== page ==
At a time when major budget cuts to the EPA are being considered, it’s especially pertinent to look back on the history of the American Conservation Movement and think about what institutions like the EPA seek to protect — our lives, our nation’s ecosystems, and the planet are at stake.
In partnership with The Rockefeller Brothers Fund, Jessie Smith Noyes Foundation, Corbin Hill Food Project, and Black Widow Termite & Pest Control Corp, WE ACT will host the Earth Day Book Talk on “Power, Privilege, and Environmental Protection” with Dr. Dorceta Taylor who will present her new book The Rise of the American Conservation Movement: Power, Privilege, and Environmental Protection.
Dr. Taylor will speak on how race, class, and gender has influenced the environmental conservation movement, and how the movement has benefited from contributions by poor and working class people, people of color, women, and indigenous people.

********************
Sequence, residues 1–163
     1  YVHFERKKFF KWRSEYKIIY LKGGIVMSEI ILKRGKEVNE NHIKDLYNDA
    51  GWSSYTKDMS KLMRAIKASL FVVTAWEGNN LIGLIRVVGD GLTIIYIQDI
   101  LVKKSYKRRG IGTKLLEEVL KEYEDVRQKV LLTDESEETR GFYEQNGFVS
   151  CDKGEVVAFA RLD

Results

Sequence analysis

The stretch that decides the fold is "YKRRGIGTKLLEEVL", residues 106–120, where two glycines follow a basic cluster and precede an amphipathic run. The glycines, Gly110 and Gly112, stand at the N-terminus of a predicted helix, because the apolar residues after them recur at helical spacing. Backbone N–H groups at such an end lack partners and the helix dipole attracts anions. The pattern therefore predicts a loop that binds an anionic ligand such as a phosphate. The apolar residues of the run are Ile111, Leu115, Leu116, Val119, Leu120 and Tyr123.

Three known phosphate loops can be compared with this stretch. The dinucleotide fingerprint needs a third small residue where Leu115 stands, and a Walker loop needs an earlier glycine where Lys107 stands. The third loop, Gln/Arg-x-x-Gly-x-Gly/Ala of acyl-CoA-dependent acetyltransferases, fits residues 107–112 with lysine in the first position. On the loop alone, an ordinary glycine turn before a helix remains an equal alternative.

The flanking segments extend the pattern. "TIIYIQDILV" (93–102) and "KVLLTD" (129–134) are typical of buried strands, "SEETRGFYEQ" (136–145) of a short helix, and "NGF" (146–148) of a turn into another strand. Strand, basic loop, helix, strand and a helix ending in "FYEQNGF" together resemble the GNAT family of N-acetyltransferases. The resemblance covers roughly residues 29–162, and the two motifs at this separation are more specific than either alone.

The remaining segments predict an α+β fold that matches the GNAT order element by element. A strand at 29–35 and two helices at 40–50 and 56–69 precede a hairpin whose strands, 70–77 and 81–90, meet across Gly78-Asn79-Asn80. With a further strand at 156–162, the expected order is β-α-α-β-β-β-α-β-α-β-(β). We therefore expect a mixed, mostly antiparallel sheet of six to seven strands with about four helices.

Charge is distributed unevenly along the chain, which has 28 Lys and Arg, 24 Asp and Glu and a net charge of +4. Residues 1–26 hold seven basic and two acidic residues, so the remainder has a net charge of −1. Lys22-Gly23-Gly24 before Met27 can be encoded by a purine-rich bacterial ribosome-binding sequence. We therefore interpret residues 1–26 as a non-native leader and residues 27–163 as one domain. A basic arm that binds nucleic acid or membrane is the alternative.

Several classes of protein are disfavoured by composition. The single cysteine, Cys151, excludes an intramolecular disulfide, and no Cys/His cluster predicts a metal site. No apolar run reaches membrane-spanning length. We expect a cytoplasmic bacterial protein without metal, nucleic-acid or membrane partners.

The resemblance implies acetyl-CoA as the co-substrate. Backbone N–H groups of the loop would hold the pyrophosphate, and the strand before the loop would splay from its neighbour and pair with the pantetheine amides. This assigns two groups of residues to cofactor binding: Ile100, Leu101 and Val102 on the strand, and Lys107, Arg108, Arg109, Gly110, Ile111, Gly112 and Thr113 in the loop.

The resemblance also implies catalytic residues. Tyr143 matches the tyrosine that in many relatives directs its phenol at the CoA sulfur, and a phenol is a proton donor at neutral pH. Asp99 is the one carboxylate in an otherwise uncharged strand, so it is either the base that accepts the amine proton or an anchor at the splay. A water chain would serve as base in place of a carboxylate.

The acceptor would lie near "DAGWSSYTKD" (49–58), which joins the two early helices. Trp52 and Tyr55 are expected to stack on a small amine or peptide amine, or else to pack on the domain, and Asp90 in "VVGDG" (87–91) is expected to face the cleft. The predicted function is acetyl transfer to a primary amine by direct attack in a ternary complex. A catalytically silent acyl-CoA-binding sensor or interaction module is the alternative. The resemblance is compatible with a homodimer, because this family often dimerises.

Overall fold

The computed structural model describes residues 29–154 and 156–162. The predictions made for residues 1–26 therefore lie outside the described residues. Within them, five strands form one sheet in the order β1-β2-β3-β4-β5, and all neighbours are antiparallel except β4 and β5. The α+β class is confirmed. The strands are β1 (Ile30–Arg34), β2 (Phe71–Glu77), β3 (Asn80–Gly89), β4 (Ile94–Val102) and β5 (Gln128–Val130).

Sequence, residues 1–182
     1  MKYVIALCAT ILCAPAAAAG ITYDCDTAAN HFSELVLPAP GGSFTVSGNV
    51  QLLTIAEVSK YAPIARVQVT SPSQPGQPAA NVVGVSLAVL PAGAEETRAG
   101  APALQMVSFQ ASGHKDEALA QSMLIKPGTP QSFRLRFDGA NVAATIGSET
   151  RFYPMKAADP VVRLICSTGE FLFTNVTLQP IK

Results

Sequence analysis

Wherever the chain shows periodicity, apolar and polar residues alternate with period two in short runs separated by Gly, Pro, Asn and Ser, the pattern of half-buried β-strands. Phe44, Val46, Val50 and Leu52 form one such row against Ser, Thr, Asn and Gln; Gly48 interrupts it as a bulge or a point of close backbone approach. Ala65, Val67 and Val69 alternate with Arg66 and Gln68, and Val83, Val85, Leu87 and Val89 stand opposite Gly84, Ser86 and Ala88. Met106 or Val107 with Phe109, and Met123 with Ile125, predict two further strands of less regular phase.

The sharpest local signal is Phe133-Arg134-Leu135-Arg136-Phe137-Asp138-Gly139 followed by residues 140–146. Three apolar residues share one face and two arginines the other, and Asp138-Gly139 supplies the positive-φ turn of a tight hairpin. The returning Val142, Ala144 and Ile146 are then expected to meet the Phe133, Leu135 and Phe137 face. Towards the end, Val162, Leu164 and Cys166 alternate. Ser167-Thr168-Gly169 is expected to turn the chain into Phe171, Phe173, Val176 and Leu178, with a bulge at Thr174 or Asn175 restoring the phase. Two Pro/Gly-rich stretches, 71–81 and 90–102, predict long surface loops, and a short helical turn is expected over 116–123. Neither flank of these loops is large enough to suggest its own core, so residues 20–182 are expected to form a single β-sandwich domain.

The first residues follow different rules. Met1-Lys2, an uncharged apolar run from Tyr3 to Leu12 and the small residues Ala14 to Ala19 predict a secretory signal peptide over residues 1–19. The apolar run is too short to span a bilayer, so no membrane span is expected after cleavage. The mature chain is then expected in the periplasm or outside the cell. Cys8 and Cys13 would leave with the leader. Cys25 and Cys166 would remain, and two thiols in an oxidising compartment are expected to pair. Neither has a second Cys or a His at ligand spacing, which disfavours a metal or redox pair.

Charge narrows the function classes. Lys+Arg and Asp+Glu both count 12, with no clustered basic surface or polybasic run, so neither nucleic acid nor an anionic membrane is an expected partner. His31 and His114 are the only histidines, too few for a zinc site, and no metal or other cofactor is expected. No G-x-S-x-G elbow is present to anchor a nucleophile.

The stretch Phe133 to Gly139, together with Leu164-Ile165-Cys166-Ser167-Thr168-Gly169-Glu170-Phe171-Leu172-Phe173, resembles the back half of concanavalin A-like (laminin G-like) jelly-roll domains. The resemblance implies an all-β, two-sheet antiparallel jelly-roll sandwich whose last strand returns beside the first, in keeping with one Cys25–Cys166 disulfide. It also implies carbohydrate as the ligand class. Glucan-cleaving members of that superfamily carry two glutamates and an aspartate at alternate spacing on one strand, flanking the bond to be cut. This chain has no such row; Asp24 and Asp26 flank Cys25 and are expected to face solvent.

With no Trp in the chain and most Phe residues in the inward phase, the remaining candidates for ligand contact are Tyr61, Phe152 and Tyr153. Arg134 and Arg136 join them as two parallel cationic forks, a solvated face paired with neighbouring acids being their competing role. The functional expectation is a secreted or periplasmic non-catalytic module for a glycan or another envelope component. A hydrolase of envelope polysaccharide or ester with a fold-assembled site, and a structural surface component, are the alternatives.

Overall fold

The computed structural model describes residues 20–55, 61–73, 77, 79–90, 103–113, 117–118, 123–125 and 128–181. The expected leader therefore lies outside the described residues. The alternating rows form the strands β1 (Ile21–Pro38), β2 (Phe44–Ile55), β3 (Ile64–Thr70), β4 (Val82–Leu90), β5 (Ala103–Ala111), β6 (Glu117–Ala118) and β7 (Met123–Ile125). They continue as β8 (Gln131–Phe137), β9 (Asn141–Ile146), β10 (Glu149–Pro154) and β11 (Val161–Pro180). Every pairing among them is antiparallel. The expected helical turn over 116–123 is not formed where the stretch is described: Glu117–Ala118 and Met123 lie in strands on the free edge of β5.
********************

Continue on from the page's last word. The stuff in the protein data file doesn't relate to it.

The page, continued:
Dr. Taylor is James E. Crowfoot Collegiate Chair, Director of Diversity, Equity, and Inclusion, and Professor of Environmental Sociology at the University of Michigan.
8:30 – 9:00 AM — Breakfast with Dr. Taylor
9:00 – 11:00 AM — Presentation and Discussion
“In writing this book I was most touched by Harriett Tubman’s ferocity and commitment to a cause. I have a vision of her lying in the woods on nights before the raided a slave plantation to free slaves and guide them to victory. Her spirituality allowed her to commune with and draw strength from God and nature. Her solitary forays into the woods provided the knowledge and wisdom she needed to guide runaway slaves to freedom. Her story instructs us to understand our environment, stay connected to it, but also use it to dismantle oppression.” —Dr. Dorceta Taylor